Presidential funeral train: Recalling FDR’s last journey from Georgia’s Warm Springs

April 1945 -- An armed guard from Camp Sibert presents arms as the special funeral train bearing the body of President Roosevelt pulls into Atlanta's Terminal Station on its way from Warm Springs, Ga., to Washington, D.C.
Caption
April 1945 -- An armed guard from Camp Sibert presents arms as the special funeral train bearing the body of President Roosevelt pulls into Atlanta's Terminal Station on its way from Warm Springs, Ga., to Washington, D.C.

Credit: AJC File

Credit: AJC File

When a special funeral train was outfitted last year to carry former President George H.W. Bush from Houston to College Station, Texas, it was an echo of the funeral train that carried Franklin D. Roosevelt from Georgia after his death at Warm Springs in 1945.

Roosevelt, a frequent presence in Georgia, was visiting his Warm Springs retreat when he died on April 12, 1945.

A special funeral train carried the president’s casket from Warm Springs to Washington D.C., including a stop in Atlanta.

The president’s casket was carried in its own train car, with a military honor guard. Honor guards of military units and members of the public gathered along the route of the train, including at Atlanta’s Terminal Station.

The train traveled first to Washington for a small funeral service at the White House, then to FDR’s funeral and burial in Hyde Park, N.Y. In Washington, a horse-drawn Army caisson carried the casket from the train station to the White House.

A news account published in The Atlanta Constitution on April 15, 1945, described the train this way:

“The journey, with the casket under honor guard in the dimlighted presidential car that carried Mr. Roosevelt on so many triumphal travels, was an extension of the sorrowful trip here last night from Warm Springs, Ga., where the president died Thursday.

“Tonight, as then, honor guards of servicemen were stationed along the route. Just as last night, mourners high and low gathered along the route and at operating stops for a last glimpse of the only man to serve 12 years as President.”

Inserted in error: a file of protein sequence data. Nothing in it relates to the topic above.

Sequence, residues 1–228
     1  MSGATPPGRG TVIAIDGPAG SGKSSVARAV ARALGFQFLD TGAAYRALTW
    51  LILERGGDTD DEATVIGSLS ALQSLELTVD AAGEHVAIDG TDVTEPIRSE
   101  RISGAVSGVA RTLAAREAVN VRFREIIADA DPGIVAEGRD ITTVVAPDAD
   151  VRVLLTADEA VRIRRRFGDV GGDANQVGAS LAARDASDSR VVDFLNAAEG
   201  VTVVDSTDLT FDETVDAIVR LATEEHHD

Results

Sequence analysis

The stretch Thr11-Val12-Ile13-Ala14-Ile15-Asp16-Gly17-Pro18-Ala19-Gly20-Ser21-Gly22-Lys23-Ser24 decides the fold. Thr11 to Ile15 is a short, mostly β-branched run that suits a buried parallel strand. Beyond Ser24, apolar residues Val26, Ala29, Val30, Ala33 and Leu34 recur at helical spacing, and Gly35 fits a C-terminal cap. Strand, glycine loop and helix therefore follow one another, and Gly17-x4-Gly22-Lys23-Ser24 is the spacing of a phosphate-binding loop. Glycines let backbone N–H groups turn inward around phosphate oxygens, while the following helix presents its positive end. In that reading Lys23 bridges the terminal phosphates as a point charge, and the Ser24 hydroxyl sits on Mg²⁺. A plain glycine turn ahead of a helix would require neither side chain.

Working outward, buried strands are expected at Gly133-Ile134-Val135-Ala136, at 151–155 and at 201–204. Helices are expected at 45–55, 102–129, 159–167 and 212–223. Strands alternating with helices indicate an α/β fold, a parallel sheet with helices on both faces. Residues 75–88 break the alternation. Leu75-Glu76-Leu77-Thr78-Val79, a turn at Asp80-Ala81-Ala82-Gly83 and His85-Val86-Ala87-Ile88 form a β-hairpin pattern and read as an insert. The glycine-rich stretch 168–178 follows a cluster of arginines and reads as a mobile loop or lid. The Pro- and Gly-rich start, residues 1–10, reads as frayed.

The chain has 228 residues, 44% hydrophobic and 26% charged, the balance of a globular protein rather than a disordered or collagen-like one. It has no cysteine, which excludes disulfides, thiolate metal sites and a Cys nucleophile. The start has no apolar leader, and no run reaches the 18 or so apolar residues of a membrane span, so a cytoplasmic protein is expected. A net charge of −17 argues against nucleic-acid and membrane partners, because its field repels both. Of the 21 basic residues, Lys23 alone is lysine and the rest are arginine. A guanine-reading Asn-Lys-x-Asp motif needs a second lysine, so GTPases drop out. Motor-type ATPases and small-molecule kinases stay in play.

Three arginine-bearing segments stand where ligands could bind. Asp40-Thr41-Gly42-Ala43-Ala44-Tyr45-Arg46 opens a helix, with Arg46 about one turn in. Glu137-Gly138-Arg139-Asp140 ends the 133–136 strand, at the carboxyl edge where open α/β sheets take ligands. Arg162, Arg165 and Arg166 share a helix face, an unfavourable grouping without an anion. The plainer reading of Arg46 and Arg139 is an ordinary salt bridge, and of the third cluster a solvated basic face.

Last return to Capital: Brought from Warm Springs, Ga., the flag-draped coffin bearing the body of President Roosevelt is transferred at Washington's Union Station from a special train. Guards arrange the caisson for the procession from the station to the White House, where private funeral services were held yesterday (April 14, 1945) From AJC Archives.
Caption
Last return to Capital: Brought from Warm Springs, Ga., the flag-draped coffin bearing the body of President Roosevelt is transferred at Washington's Union Station from a special train. Guards arrange the caisson for the procession from the station to the White House, where private funeral services were held yesterday (April 14, 1945) From AJC Archives.

President Franklin Roosevelt's train arrives from Washington D.C. at Warm Springs in the 1940s, where he spent time at 'The Little White House.'
Caption
President Franklin Roosevelt's train arrives from Washington D.C. at Warm Springs in the 1940s, where he spent time at 'The Little White House.'

Credit: KENNETH ROGERS / AJC FILE

Credit: KENNETH ROGERS / AJC FILE

ExploreFDR had a strong connection to Georgia's Warm Springs, site of his 'Little White House'

Historic front page from The Atlanta Constitution

FRIDAY, APRIL 13, 1945 | PRESIDENT ROOSEVELT DIES IN WARM SPRINGS: The world's biggest news story hasn't always happened in The Atlanta Constitution's backyard, but in this case it did; or at least just down the street, 70 miles away in tiny Warm Springs, Ga. Franklin Roosevelt annually visited the therapeutic water of Warm Springs, but his sudden and unexpected death there on April 12 stunned the world, including the millions of Americans whom he led through the darkest days of the Great Depression and World War II. The only item on the front page that wasn't devoted to FDR's passing was the day's weather forecast.

ExploreEditor Ralph McGill wrote of the death of Roosevelt: It was said of Abraham Lincoln when death claimed him that a tree is measured best when it is down. So it will be of Franklin D. Roosevelt.
From the AJC archives
Caption
From the AJC archives

RELATED

ExplorePhotos: Franklin Roosevelt in Georgia